Freedom of Choice – Legal Expenses Insurance
The Insurance Companies (Legal Expenses Insurance) Regulations 1990 provide (Regulation 6) that the insured is free to choose the lawyer he/she wants to act, even if the Insurer would prefer that a panel firm was instructed.
In Brown-Quinn, the legal Insurer could choose not to accept the solicitor chosen by the insured "only in exceptional circumstances".
It was also a term of the policy that a non-panel solicitor had to work for the rate laid down by the Insurer which was a fixed hourly rate that took no account of the importance or difficulty of the work or the experience of the solicitor.
Three insured Claimants wanted to use a particular firm of solicitors who charged more than the rate the Insurers were prepared to pay.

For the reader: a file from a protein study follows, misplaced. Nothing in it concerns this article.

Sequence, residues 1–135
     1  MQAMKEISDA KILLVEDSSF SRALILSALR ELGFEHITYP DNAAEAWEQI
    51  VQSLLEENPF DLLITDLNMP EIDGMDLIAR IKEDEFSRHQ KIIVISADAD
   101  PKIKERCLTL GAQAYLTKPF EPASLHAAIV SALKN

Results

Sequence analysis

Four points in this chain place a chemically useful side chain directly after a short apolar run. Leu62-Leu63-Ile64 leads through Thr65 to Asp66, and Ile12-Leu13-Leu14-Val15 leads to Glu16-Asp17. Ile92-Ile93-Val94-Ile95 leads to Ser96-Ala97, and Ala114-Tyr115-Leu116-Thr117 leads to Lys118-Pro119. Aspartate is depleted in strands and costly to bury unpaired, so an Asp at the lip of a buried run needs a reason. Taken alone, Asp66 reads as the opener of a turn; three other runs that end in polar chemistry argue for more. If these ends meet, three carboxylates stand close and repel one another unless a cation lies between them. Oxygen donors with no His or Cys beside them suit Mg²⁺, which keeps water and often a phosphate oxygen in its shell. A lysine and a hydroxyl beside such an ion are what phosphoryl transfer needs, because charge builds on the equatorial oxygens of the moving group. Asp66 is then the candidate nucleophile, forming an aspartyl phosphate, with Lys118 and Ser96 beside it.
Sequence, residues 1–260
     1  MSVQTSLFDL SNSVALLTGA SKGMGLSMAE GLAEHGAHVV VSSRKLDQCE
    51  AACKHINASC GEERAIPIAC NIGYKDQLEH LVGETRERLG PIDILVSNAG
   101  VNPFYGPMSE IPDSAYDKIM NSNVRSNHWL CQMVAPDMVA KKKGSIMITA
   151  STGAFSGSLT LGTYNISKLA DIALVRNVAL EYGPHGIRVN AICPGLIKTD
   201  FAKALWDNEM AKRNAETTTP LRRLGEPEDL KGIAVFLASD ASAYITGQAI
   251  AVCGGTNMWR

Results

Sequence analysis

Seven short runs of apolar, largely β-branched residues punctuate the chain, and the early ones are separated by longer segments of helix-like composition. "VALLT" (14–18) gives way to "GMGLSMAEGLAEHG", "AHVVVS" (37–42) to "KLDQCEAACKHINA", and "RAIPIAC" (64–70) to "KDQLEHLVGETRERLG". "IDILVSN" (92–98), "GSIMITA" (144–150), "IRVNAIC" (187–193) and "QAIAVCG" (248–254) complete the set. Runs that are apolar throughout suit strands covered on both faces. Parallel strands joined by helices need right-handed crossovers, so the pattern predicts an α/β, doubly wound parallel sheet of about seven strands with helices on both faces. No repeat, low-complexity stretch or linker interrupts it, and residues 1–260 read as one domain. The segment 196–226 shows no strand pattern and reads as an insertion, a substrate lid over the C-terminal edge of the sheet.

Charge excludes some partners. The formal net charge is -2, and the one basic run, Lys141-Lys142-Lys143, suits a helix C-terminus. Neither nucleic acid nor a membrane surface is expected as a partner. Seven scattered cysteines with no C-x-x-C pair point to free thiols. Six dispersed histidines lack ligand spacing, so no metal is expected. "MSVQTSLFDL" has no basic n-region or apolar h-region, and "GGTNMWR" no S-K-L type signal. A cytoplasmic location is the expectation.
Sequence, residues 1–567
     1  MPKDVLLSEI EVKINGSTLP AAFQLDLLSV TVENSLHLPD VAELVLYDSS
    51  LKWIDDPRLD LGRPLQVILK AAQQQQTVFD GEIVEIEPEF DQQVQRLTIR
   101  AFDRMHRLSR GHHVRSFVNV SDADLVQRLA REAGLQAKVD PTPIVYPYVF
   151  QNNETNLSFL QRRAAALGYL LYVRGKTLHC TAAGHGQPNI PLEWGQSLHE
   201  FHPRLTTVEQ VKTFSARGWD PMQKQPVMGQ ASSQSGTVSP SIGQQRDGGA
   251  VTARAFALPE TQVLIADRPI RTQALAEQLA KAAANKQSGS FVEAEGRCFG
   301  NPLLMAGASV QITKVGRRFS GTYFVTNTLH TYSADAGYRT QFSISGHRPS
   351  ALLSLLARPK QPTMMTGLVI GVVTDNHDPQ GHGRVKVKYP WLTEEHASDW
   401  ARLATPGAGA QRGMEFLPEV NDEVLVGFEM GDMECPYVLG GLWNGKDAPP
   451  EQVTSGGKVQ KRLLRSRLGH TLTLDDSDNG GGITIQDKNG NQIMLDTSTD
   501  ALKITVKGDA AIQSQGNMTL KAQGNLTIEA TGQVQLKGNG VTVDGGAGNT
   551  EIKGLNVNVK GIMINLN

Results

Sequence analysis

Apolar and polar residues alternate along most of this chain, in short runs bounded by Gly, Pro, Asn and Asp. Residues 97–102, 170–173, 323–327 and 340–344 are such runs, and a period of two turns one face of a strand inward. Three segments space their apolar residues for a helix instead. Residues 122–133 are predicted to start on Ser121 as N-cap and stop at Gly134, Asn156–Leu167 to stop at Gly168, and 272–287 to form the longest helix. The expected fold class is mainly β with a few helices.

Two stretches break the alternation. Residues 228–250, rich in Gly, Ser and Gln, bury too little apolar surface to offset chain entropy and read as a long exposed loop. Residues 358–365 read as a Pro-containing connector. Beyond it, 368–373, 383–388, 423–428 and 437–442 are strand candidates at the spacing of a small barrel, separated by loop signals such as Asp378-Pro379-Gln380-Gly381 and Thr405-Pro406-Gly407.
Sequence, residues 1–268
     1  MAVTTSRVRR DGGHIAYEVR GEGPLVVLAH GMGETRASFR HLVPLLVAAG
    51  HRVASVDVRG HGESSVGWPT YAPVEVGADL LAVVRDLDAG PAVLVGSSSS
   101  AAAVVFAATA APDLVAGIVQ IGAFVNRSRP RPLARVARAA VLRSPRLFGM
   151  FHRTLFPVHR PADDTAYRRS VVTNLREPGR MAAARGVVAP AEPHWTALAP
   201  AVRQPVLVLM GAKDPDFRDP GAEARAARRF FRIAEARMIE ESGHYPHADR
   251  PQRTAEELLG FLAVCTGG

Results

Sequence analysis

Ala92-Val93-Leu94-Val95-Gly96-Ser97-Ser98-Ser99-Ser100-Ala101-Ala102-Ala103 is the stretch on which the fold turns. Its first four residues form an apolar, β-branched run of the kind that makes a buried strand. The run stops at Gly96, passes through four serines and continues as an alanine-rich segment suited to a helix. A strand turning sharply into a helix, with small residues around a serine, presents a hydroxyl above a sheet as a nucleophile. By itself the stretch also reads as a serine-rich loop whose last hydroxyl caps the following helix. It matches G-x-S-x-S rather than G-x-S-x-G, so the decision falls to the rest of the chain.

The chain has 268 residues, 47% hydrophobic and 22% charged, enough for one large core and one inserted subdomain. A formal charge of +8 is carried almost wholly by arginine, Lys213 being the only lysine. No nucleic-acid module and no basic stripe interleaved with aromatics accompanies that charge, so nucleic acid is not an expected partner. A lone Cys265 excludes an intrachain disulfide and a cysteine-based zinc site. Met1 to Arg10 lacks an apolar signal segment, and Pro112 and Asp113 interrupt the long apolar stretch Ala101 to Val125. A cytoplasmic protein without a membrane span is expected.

The Claimants went to the High Court asking for a declaration including that:
– the appointment of their own choice of solicitor was valid; and
– the Insurers could not refuse the Claimants' chosen solicitor on the basis that the rates were higher than the Insurers wanted to pay.
The High Court found in favour of the Claimants.
While this decision does not open the door to allow solicitors to charge Insurers exactly what they want, it does make it clear that insured litigants have more freedom to instruct a solicitor of their choice than they are sometimes led to believe.